Genie gets a lift from seeing air leaks in action


Genie is a US company that designs and builds innovative vertical work platforms and material lifts to make working at heights safer and more productive in a whole range of industries.

The business’s plant in Redmond, Washington builds material lifts and uses between 1,800 and 2,600 CFM of compressed air each day. That volume of compressed air runs up to 200 torque tools per line and process equipment responsible for moving large sheets of half inch steel and positioning of parts. If the tools don’t have enough compressed air pressure to function properly, the results could be costly.

The high cost of low pressure

“If we were to lose pressure on the system we use to vacuum sheets up and transfer them to the laser to be cut, we wouldn’t be able to pick up or move the sheets,” explained Josh Stockert, Genie Maintenance Supervisor, Terex AWP. “If one sheet misses a transfer, we’ve lost nearly 20 sheets of cut parts, which could add up to 200,000 parts. If the pressure is too low on our torque tools, we could wind up with mistorqued units.”

The more leaks there are, the higher the demand for compressed air. Increased demand for air pressure raises the risk of not being able to supply an adequate amount to all the tools and process equipment that need it.

Compressed air leaks also increase energy costs. According to the US Department of Energy Office of Industrial Technologies, a single 3 mm leak in a compressed air line can cost upwards of US$2,500 (~AU$3,600) a year.

Expediting air leak detection

To reduce the risks of low air pressure, Genie is vigilant about finding and fixing air leaks. Some leaks occur in hoses and fittings high up in the rafters; others show up on the torque tools on the shop floor. In the past, during monthly preventive maintenance (PM) operations, Genie dedicated one or two maintenance technicians to hunt for air leaks. The technicians first sprayed joints and hoses with a soap and water mixture to reveal bubbles that indicate leaks. Then they fixed the leaks and retested with soapy water.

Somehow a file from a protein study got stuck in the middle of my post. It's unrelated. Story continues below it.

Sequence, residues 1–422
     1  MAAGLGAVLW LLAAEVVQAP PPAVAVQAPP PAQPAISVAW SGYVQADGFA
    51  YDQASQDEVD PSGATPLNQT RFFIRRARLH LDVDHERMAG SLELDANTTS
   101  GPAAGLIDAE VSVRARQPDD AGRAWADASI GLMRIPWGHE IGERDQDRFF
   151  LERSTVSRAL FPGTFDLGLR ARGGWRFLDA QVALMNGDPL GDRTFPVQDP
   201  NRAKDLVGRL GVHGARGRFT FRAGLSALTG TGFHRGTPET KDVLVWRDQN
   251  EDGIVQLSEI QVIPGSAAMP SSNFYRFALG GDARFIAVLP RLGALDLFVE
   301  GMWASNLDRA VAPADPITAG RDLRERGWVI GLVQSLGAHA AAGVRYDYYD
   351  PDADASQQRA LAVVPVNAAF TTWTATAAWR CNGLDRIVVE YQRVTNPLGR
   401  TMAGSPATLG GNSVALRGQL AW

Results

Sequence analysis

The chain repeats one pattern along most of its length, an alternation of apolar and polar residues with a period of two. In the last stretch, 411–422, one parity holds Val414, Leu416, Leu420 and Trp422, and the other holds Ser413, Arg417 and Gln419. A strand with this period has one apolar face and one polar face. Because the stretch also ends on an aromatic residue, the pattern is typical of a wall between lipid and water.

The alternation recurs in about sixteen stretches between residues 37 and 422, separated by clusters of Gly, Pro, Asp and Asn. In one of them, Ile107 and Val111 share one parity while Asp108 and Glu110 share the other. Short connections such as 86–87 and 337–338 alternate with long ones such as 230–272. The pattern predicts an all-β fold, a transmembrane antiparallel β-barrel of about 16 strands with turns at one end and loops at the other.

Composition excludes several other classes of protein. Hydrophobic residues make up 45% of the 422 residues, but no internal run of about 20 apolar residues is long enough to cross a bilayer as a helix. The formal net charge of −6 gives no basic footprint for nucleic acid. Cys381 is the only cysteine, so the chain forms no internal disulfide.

“It’s very labour intensive,” said Stockert. “It might take 30 to 45 minutes to find one leak in the rafters, and then come back down to get material to fix it, go back up and fix the leak, and verify with soap and water that the leak was fixed.”

The soap and water method works, but slowly; and it requires a lot of clean-up afterward to prevent slipping hazards. Genie also tried using traditional ultrasonic leak detectors, but found they only detect very high frequency leaks and air leaks can occur at many frequency ranges.

So, when Fluke offered the company a chance to test its Fluke ii900 Sonic Industrial Imager, Genie immediately accepted. The ii900 includes an array of tiny super-sensitive microphones that detect sounds in both the human hearing range (2 to 20,000 Hz), and the ultrasonic range (20 kHz and higher). It allows the user to actually see sound.

Seeing sound

The ii900 applies proprietary algorithms to determine the location of the leak. The results produce a colour SoundMap image superimposed over a visible light image of the equipment to show the exact leak location. The user views the results on a 7″ LCD screen as a still image or a real time video.

“Being able to visualise where the problem is and how big it is adds another dimension,” said Stockert. “You can identify which threads, fitting, or hose is affected. Being able to pinpoint where the leak is coming from on that image is extremely exciting. You can see different angles and determine ‘Yep it’s these threads versus that hose that feeds this fitting.’”

Testing during production without disrupting operations

The ability to visually scan large areas from up to 50 m away with the ii900 has expedited leak detection at Genie and significantly reduced the hours of labour spent on that task. “Rather than taking at least an hour…it takes me all of 30 seconds to a minute to find an air leak with the ii900 camera. Some days we can find and repair 30 or 40 leaks in just a couple hours,” said Stockert. “Now, we can stand on the sideline and scan the airline overhead, while carts and people are moving underneath. We’re not affecting their work, but we can tag the leak and then move a lift to that spot during lunch and fix it rather than having to wait for a weekend PM shift.”

Initially, the primary objective for Genie when testing the Fluke ii900 Sonic Industrial Imager was to save energy.

After the initial air leak inspections and corrections, Stockert saw a 25.7% recovery in their compressed air capacity. “We were near the top end of what our compressor system can put out,” he said. “By correcting the leaks found using the ii900, one of our four compressors is nearly idle much of the time.” The reduction in compressor usage translates to an estimated US$48,754 (~AU$70,860) in annual electrical energy savings. However, Stockert believes that there is an additional benefit derived from not having to add more compressor capacity.

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